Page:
Ep. 19 - Prioritizing People Development to Propel You and Your Business Forward - with Beth Freedman



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Beth Freedman is the Managing Director of gyro:UK, a leading global B2B creative agency, and has spent her career working for some of the biggest agencies in the world, including Saatchi & Saatchi and Fallon.

Beth believes real business momentum happens when service-based businesses invest in the growth and development of their people. It’s the human part of the business that agencies often forget. She attributes her own upward mobility to those who nurtured her talents throughout her career. And  as a result, it is an imperative that she is championing in her leadership role today.


Fostering  employee potential will help you get the most out of your business

Beth believes that the best client-service oriented organizations are the ones that recognize and invest in the people who truly do the work. Building this bench strength takes being a great manager which requires one to make that mental switch from being a doer to a coach. Because when you manage a team, department or a company, your job is also making everyone better at their own job.  

Even though you may have to run lean, it’s never good for any senior leader to be doing the day to day work and yet try to elevate themselves. You have to learn how to get out of your own way. As Beth tell us “you are selling the resource of the humans that she employs because the agency is really the diversity of people and personalities and backgrounds and skill sets that comes together to create some magic thing that I can give to a client and say see aren't you glad you worked with us. And if you don't have that wonderful magical human mixture of insanity, you won't have very high-quality product.”

However, Beth also believes that it is a two-way street in that the employees need to show their commitment to listening and observing to optimize their own learning.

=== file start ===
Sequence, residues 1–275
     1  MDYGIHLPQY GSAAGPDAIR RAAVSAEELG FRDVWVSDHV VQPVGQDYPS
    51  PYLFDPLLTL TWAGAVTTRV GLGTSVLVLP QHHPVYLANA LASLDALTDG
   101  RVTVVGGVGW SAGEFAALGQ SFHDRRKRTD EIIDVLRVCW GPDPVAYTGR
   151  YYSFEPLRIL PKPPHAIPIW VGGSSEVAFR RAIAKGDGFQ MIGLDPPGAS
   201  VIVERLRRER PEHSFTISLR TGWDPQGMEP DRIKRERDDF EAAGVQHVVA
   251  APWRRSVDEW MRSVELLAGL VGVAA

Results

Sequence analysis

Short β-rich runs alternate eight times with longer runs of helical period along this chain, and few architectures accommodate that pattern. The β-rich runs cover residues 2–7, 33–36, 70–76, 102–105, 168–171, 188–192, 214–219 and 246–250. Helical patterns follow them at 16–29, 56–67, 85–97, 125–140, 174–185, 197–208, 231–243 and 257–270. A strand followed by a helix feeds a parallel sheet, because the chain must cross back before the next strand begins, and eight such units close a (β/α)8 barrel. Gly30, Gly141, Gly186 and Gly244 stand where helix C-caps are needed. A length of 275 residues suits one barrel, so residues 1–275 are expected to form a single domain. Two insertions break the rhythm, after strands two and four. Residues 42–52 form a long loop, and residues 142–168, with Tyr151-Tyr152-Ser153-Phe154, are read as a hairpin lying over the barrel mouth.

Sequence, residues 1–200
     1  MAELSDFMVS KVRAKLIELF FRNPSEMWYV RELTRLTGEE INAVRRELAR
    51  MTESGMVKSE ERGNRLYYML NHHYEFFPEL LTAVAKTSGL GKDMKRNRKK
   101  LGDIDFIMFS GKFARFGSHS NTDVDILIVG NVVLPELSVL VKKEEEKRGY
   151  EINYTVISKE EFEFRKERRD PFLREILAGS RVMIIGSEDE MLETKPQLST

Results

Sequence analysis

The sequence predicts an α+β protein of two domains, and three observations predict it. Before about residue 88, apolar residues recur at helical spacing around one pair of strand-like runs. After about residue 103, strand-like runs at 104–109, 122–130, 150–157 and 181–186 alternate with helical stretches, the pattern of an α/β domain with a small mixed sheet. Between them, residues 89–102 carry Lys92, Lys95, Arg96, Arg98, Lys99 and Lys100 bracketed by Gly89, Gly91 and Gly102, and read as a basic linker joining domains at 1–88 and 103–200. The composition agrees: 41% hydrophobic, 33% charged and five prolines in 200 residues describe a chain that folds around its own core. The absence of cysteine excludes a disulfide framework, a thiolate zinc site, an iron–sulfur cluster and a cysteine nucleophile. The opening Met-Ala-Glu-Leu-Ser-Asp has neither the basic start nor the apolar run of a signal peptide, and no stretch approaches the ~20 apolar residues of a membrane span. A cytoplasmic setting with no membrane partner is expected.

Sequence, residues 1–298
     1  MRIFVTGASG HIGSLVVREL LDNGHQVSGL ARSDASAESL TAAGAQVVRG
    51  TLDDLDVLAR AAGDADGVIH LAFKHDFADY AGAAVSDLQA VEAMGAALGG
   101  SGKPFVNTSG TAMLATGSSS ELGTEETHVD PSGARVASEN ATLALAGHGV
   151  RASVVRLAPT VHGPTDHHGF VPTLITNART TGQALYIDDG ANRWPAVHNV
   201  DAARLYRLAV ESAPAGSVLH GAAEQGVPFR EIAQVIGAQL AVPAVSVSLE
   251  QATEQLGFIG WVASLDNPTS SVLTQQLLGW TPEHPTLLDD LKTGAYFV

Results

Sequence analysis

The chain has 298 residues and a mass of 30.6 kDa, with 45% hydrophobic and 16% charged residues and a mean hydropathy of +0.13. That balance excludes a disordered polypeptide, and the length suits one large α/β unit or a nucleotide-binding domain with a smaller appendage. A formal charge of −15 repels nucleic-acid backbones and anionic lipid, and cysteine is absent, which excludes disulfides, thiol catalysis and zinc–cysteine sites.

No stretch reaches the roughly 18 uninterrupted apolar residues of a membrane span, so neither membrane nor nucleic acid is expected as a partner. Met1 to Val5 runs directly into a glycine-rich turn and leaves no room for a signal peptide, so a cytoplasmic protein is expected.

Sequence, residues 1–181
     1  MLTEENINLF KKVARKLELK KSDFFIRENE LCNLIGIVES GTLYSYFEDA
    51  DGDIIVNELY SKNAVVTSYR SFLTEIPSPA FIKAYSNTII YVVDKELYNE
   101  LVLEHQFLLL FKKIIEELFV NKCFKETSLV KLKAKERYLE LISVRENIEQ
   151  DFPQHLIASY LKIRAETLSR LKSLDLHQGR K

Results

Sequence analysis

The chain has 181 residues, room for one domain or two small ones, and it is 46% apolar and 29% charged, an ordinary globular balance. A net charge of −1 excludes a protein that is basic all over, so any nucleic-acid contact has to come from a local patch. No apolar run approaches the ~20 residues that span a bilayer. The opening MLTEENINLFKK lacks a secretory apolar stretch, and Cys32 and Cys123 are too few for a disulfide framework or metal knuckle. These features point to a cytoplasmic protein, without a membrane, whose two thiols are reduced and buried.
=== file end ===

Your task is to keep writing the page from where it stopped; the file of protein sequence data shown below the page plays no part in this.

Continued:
Team-centered vs. Self-centered

Another crucial ingredient in creating the right culture  is the notion of teamwork and playing in position. Those players have earned their spot regardless of their age and regardless of the path they took to get there. The focus is on having the best team as “you can only do great work with great people.”

Further,  providing the the best possible support system for your employees serves as motivation and encouragement to help them feel more comfortable in terms of being pushed out of their comfort zone and challenging themselves

It’s important to not forget that a business needs to be human as it can possibly be because it comes down to the people - it has to be authentic and hold true in the small moments and big ones.

Key Takeaways

  • Agencies are selling the resources of humans who are employed there -- so investing in employees benefits clients as much as the agency.

    • It’s critical to make time to really train your junior people to be performing better and performing up particularly if your agency runs incredibly lean.

  • You need to look at the business from the lens of ensuring you understand the value of everybody that works for you otherwise they will leave because it is about being the coach and not necessarily the star player.

  • Employee development isn’t all through mentoring. Your people need to understand that it also through  listening and observing which is one of the critical ways to learn.

  • Working with a diverse, multi-generational workforce may come with different expectations and work styles, but at the end of the day, anyone at any age who is mature and has a strong work ethic can be cultivated into a leader with the right mentorship.

  • It’s important for employees to know how to play in position. Teamwork works best when employees focus on fulfilling their designated roles before contributing to other ones.

  • Creating a human-centric culture is about making sure that the people who work for you are getting the benefit of the strongest support system, in a way that both drives them and lifts them up.

  • If you're smart, hardworking, and have got enough humility to have to admit, especially at a senior level, that you don't know what you don't know, you can probably learn almost anything.




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